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Questions from Derek:
“On the forehand when a player uses a eastern forehand grip he would swing from the ground up to contact with a slight closed racket face at contact coming from 1 racket head length below the ball giving him topspin. When a player uses a semi western or western grip does the racket head not go as low as on the Eastern forehand grip at the bottom of the down swing? I have been told the racket swing is not from the ground up but on a more horizontal plane and how you get more effective topspin is because of the grip which has a very closed racket face at contact point.”
“If this is the case what happens on the low ball when you need to lift the ball? There is no way you would hit a level swing as the ball would go in the bottom of the net.
The next question I want to is on the one handed backhand. If a player has a strong eastern grip/ Western backhand grip (this encourages a closed racket face) would you swing on a horizontal plane like the forehand or would you swing from the ground up coming from 1 racket heads length below the ball to contact.”
Hi Derek, Thank you for your questions.
First of all, topspin is achieved by swinging the racquet (racquet head or the whole racquet) from below the ball contact and finishing above. The upward swing is relative, the more the racquet is below the ball contact the more topspin will be imparted on the ball. How low to swing your racquet below the ball contact is determined by how much topspin you would want to impart on the ball.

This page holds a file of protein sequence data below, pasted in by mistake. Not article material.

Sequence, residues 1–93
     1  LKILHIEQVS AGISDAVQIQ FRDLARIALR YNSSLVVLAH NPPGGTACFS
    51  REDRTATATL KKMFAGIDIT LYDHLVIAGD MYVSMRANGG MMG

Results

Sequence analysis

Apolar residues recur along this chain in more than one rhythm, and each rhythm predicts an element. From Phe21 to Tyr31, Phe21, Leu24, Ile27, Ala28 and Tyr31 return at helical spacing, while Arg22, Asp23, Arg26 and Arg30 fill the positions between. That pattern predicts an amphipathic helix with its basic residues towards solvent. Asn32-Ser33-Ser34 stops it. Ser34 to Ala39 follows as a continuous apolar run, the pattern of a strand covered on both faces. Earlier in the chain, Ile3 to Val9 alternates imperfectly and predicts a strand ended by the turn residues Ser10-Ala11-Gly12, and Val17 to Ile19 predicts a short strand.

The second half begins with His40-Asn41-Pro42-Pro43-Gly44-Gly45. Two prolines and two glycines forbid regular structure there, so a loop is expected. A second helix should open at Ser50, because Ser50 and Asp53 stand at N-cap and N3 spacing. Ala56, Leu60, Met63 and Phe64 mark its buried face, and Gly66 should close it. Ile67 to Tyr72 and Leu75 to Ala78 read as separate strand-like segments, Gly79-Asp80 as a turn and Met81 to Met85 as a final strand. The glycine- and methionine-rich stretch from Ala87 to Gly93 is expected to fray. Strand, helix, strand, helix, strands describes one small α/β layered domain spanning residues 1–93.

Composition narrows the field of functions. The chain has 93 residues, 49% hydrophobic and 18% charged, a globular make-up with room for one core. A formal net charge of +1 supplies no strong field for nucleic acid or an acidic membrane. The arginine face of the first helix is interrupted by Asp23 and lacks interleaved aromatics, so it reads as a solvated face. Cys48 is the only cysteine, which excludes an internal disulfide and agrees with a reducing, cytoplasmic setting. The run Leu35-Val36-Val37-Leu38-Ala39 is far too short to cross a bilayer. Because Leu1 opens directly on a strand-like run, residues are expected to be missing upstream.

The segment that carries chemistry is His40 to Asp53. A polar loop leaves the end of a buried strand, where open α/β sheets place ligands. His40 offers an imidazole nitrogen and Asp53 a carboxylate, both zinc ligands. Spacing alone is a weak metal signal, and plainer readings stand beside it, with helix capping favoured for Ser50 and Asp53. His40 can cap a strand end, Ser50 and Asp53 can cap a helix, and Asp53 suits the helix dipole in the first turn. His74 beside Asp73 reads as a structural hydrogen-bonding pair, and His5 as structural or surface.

Secondly, the racquet strings MUST be vertical on ball contact. You cannot contact a ball with the racquet face or strings closed or open. The semi-western and western grips merely allow a player to make ball contact higher and farther in front. This makes it easier to get topspin should you decide to swing from low to high. The grip does not create topspin, the direction of the swing path creates topspin. Some grips make it easier to take a swing path that could create more topspin than others.
As for the one handed backhand with an eastern grip, the closed racquet face must be straightened out before ball contact. The closed racquet face on this grip would merely allow the player to take a greater low to high swing which translates into topspin.
Extreme grips (western) only allow the possibility for more topspin. The fact remains that topspin is only produced when the racquet brushes up the ball from low to high. Western grips will produce a higher contact point that is farther in front of the body.
I hope this helps, I didn't mean to sound so vague with my explanation but as with all grips it is not the grip used it is the direction of the swing. It is just that certain grips allow for more topspin IF THAT IS WHAT IS DESIRED.
Doug Hofer, USPTA November 2, 2006
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